Let's see, 6 failed drop tests out of 72 rolls. As a whole, Sweepstakes failed 8.3% of the drop tests. Anyone else see a problem with this?
That's two for PiKA this year. That's it: if PiKA fails drop tests, failing drop tests is the key to winning.
So what's a buggy fan suppose to do? You're standing at the bottom of the hill, after the last scheduled men's heat, knowing that PiKA has won yet again, but hoping for a final reroll that will help tide you over the summer drought, and the radio club announces that "we're done". But by the time you get to the top of the hill, it turns out there is a reroll! Perplexing.
SigNu talked themselves into a reroll, presumably claiming that KDR B made some sort of contact with them. But why were they bothering? They were only ahead of Fringe B by a few tenths of a second, and there were lightyears (well, 4 seconds) out of 4th place. It seemed that the best outcome would be keeping what they had, with real risks of dropping a place or spinning and going completely trophy-less.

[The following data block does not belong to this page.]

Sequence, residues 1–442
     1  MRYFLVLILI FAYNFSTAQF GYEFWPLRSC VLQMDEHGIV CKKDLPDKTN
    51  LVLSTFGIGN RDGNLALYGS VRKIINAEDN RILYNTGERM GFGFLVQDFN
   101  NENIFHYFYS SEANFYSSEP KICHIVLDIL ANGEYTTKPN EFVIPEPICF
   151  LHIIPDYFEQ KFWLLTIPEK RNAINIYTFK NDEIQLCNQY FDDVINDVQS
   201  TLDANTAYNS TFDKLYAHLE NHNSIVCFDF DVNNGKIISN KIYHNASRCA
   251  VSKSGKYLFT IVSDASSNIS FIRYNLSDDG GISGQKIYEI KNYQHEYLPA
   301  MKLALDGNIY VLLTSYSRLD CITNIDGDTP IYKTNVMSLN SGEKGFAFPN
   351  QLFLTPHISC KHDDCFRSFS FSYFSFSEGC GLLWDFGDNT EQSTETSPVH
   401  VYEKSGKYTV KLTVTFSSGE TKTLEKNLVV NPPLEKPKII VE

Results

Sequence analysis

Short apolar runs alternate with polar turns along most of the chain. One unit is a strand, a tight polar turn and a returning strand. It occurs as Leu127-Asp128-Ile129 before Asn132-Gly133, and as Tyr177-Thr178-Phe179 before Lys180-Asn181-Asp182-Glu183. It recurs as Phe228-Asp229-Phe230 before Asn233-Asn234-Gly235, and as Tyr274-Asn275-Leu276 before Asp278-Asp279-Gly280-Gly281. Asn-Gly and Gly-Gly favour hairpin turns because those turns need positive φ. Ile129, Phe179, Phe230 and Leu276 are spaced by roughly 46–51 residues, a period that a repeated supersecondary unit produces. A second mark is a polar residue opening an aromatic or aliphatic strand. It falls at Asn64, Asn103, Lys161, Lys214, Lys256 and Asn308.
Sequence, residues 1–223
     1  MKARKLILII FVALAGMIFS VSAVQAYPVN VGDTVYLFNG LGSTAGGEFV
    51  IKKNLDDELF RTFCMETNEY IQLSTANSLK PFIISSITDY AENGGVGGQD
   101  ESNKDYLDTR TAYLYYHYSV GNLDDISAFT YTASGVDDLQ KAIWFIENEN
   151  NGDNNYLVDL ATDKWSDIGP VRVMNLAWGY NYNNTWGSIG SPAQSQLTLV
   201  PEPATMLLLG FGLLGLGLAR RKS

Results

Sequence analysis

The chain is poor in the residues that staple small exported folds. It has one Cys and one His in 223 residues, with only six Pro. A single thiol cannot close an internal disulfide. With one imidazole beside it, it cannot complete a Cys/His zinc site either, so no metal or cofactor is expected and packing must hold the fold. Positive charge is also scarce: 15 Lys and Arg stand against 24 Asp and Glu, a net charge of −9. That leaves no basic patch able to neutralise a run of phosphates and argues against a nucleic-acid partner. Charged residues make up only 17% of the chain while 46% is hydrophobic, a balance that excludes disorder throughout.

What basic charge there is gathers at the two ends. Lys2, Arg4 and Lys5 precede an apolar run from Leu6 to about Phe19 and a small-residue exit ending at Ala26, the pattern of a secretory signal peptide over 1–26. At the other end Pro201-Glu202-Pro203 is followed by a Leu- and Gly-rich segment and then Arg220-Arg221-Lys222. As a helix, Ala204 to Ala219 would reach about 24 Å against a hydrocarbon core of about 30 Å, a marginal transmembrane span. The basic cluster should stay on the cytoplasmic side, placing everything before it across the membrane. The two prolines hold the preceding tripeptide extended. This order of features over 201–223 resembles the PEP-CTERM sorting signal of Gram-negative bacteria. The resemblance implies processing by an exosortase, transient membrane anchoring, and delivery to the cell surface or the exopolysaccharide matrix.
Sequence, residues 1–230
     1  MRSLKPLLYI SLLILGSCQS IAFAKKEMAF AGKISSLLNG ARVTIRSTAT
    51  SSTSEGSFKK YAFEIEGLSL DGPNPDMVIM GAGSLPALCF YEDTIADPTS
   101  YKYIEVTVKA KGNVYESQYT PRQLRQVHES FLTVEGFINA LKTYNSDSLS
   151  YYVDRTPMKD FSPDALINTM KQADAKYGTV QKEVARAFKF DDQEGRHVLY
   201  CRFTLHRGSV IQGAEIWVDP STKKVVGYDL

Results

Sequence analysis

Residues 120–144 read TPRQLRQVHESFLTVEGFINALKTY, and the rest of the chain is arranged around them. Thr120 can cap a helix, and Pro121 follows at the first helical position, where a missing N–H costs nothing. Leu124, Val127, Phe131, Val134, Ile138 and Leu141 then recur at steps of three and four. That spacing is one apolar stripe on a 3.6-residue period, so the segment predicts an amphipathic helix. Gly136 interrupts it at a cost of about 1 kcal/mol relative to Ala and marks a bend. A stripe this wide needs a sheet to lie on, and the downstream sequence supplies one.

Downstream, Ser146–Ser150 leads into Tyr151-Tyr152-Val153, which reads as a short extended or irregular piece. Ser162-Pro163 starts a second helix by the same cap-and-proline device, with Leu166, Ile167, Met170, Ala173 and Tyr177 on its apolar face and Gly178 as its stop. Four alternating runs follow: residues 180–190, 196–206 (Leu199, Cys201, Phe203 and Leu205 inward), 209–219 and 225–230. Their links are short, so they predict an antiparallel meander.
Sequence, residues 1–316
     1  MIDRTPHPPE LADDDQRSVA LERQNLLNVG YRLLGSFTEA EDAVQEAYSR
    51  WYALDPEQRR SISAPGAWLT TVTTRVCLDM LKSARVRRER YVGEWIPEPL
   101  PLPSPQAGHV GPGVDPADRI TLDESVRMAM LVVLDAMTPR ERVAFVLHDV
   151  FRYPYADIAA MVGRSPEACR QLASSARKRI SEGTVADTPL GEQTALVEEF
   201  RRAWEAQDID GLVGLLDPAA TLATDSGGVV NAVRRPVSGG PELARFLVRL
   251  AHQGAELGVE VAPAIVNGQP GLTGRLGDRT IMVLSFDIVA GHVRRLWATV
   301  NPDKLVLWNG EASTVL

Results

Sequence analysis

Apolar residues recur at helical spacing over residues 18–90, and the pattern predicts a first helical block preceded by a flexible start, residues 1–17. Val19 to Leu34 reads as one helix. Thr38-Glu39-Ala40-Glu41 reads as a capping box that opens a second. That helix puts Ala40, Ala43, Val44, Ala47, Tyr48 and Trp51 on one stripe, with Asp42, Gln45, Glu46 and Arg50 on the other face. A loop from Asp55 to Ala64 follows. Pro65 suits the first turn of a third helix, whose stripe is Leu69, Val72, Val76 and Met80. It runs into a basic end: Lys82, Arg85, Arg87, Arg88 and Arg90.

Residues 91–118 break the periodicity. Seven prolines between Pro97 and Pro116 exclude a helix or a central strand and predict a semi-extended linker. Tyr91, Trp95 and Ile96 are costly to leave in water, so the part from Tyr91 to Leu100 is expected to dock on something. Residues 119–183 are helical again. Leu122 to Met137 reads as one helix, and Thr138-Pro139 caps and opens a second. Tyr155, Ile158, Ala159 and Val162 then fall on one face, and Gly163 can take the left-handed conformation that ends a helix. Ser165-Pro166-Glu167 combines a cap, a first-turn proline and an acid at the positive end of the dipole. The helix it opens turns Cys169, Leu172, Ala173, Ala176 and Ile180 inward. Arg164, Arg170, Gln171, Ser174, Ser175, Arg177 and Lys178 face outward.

All turned out well for SigNu A: they gained a second and avoided disaster.
But the reroll-that-almost-wasn't was the silliest Sweepstakes looked all weekend.
Looks like PiKA A and Fringe A will be battling it out for #1, with PiKA A as the heavy favorite. Even better will be their heats: Fringe A faces PiKA B and then PiKA A faces Fringe B.